Collecting Asian Art with Expert Daphne Lange Rosenzweig
Daphne Lange Rosenzweig, Ph.D, ISA CAPP is a professor of Asian art at the Ringling College of Art and Design and a certified appraiser of personal property specializing in Asian art. Trained at Mount Holyoke College and Columbia University, she spent two years at the National Palace Museum in Taipei on a Fulbright Fellowship and has published over 55 articles, books, and catalogues. Here, she shares her tips for the best buys in Asian art and antiques.
What first attracted you to study the arts of Asia?
As an undergraduate I studied Asian economic history and geography and in graduate school segued into East Asian art and archaeology. Once you get involved in Asian studies, it is hard to leave—there is so much to learn and it is so interesting!
What advice do you have for someone who is just beginning to collect Asian art and antiques? What types of items would you recommend a new collector look for?
Currently, extraordinary auction prices achieved for mark and period (a term for when the mark on a piece corresponds to its actual date of creation) later Chinese ceramics, white jades, older Buddhist bronzes and cloisonnes, certain types of hardwood furniture, top-quality snuff bottles, and large coral carvings rule those fields out for most beginning collectors. Chinese paintings and prehistoric-early historic materials are very problematic collecting areas even for the advanced collector because of rampant authenticity issues; testing and consultation may be required to verify dates and artist hands. Chinese scholar’s table objects have risen in value recently but some will be within reason and after a period of doldrums; celadons are gradually rising. Chinese export ceramics, which used to have their own dedicated auction sales, now largely appear in “Americana” or “Decorative Works of Art” type auctions, and generally are affordable. They do represent an “outside” field, however, in Asian art collecting, attracting a different audience.
Apart from several specific fields, such as armor, swords, modern ceramics by Living National Treasures, and cloisonnes or Meiji metal sculptures bearing certain signatures, Japanese art in general appears undervalued. As with Chinese paintings, authenticity issues arise with Japanese paintings, but the paintings currently are so relatively inexpensive that they do provide a good starting point for the appreciation of this field. Imari is a good value for beginning collectors since Imari and other Japanese porcelains are readily accessible and relatively inexpensive. Modern and contemporary Japanese prints offer a excellent entry point for beginning collectors as prices are reasonable, the quality can be outstanding, there is a style for everyone, and authenticity can be readily confirmed with consultation. Of course, the prints should be viewed out of the frame for examination of condition and any marks which might have been obscured by mats. Though extraordinary results have been achieved by certain modern and contemporary painters and potters, the Korean market remains challenged.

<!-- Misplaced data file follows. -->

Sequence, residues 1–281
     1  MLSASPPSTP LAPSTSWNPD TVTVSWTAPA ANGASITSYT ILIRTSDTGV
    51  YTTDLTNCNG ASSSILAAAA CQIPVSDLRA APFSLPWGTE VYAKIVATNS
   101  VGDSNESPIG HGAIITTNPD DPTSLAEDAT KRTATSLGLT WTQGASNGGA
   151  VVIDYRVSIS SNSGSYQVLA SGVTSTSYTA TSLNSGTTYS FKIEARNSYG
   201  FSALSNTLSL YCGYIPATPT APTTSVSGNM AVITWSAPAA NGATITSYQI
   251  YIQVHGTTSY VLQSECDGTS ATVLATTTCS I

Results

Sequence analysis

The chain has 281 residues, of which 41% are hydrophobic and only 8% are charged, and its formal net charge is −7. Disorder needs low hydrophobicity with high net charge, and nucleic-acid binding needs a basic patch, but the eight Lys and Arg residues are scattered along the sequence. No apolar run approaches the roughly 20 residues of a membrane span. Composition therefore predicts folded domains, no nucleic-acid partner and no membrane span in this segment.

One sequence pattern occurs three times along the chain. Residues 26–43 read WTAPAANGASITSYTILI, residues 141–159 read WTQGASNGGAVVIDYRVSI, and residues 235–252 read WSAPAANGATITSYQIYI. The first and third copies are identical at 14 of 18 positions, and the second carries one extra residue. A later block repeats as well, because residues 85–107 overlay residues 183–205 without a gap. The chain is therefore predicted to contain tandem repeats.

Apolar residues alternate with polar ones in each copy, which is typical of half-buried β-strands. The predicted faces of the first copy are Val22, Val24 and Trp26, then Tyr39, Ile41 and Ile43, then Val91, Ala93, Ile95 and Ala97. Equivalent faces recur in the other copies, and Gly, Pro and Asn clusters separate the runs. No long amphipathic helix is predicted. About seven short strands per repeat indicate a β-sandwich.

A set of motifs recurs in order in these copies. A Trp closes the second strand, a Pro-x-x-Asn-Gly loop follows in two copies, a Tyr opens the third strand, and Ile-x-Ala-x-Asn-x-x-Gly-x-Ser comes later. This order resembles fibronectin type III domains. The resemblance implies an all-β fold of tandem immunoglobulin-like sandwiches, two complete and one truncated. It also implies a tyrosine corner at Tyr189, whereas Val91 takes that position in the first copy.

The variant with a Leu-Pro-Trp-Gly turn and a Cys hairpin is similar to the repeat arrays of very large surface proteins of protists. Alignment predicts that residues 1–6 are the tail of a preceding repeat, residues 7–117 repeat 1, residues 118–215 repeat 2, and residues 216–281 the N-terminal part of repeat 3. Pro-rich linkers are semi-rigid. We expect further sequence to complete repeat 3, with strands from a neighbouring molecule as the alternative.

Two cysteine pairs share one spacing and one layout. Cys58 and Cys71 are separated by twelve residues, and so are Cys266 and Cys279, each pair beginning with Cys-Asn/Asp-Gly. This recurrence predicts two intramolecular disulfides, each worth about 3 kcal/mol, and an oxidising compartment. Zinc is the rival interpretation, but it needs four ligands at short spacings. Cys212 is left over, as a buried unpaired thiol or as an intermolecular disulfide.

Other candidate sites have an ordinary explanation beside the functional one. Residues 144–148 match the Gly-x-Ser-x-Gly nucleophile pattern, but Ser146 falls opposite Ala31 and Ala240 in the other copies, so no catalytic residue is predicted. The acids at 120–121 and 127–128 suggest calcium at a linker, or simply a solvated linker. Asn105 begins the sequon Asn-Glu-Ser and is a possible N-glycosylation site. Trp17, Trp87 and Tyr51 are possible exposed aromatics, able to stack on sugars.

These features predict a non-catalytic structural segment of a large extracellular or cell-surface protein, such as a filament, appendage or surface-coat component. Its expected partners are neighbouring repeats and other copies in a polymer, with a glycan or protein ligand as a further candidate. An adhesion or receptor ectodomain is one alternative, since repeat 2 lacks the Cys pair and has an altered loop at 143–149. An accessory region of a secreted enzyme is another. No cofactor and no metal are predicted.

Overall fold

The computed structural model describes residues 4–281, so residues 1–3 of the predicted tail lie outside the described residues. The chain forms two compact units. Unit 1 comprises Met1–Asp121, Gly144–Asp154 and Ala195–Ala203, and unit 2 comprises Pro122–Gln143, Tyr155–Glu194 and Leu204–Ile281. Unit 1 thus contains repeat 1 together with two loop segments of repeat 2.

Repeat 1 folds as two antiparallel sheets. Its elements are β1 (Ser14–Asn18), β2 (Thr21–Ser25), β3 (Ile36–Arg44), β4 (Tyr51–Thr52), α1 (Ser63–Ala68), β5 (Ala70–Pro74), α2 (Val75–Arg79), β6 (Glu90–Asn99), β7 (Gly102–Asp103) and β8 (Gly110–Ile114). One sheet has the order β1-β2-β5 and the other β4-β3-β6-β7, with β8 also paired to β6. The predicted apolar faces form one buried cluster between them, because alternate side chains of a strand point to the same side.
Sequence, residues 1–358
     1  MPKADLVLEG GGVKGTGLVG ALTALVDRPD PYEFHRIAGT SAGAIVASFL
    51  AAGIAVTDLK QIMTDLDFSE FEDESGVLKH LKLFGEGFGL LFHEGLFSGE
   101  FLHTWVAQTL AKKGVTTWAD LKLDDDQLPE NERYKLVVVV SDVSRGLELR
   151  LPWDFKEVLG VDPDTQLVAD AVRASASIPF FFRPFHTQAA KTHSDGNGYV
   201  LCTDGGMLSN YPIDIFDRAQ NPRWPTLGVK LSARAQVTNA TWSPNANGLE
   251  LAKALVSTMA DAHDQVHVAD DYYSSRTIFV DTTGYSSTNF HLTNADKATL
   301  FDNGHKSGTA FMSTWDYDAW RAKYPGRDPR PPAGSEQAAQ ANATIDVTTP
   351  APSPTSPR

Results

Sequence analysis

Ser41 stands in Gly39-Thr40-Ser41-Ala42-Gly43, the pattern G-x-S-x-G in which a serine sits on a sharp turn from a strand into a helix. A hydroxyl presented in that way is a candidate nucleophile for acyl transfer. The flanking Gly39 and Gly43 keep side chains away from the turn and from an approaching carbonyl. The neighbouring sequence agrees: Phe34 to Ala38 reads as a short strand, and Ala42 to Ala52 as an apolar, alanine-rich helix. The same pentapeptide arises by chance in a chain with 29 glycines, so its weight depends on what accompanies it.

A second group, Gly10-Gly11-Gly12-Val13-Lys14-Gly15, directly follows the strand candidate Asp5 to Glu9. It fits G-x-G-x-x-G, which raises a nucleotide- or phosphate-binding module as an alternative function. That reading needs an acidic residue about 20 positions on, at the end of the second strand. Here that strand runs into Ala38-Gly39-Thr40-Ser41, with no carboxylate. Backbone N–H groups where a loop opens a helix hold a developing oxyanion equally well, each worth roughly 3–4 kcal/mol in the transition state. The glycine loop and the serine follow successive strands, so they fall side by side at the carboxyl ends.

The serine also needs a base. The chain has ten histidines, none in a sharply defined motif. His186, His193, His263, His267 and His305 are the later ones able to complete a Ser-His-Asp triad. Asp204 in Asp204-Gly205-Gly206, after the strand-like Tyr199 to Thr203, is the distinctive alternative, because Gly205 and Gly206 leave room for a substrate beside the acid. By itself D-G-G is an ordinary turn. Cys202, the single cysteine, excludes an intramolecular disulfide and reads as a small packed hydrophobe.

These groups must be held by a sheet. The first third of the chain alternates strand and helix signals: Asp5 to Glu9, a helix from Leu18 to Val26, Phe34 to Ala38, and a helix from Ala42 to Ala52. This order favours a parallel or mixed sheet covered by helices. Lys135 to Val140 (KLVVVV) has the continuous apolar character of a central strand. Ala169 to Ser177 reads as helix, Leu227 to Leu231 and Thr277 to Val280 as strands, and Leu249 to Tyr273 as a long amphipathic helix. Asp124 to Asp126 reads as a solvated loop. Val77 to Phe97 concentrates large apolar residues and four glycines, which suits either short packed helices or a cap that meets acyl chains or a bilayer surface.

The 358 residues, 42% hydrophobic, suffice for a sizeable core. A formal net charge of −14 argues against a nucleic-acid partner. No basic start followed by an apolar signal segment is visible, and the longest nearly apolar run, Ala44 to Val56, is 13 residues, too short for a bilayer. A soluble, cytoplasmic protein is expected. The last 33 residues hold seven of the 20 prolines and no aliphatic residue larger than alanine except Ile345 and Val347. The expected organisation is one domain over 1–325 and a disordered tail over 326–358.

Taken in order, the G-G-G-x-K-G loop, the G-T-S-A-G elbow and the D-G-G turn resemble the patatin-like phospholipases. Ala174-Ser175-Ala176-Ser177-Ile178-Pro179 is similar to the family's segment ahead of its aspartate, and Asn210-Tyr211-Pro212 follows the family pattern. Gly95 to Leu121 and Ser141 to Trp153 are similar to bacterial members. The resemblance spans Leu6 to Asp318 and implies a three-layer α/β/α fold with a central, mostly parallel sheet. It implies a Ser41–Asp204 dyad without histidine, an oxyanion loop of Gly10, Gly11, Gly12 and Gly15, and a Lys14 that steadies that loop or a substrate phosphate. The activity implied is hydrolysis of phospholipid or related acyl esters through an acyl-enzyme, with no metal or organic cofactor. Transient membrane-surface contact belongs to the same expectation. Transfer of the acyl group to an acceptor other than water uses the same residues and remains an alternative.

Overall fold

What other things should people take into consideration?
In collecting anything Asian (as in other fields) provenance and condition are important factors, as is the object’s impressive display quality (or cunning miniature dimensions). If there is a fitted stand, is it old, intact, or routine? If there is not a stand, does the work need one? All collectors of Asian art need to be cognizant of rules regarding traffic in certain natural materials. Ivory carvings have disappeared from major auction house auctions in the last few months, due to current and pending government restrictions on ivory, which has led to an unsettled market. Interestingly, as a consequence of this, wood netsuke and other netsuke materials appear to have a heightened appeal.
What are some of your favorite resources for those looking to discover Asian art?
Visiting museums in person, museum websites, fine galleries, auction house viewing days when objects may be handled, magazines such as Arts of Asia, Asian Art Newsletter, and other fine publications, libraries—there are so many resources! Travel to Asia with dedicated archaeological, ceramic, craft, and other small-group focused tours led by experts, and attendance at the regularly-scheduled auctions and Asian art fairs in New York, London, Singapore, Hong Kong, and elsewhere are excellent sources of information, and they also allow time to develop a relationship with reputable dealers and other collectors. Additionally, there are societies for certain specialties, such as the International Snuff Bottle Society, the International Netsuke Society, Japan Society, and others, with informative annual conventions and lectures.
In America, the annual February Tucson Gem and Mineral Show is an excellent resource for handling various types of jade—learn how to discern British Columbian jade from Central Asian, Wyoming, Australian, or New Zealand, etc., sources of the rough, which is exported to China for carving in the modern workshops. The Tucson show always has large selling booths with other hardstone and jade substitute materials as well, providing an opportunity to view the latest workshop carvings.
Stay tuned for Part II of our interview with Dr. Rosenzweig, in which she gives us the inside scoop on one of Asia’s most revered materials—jade.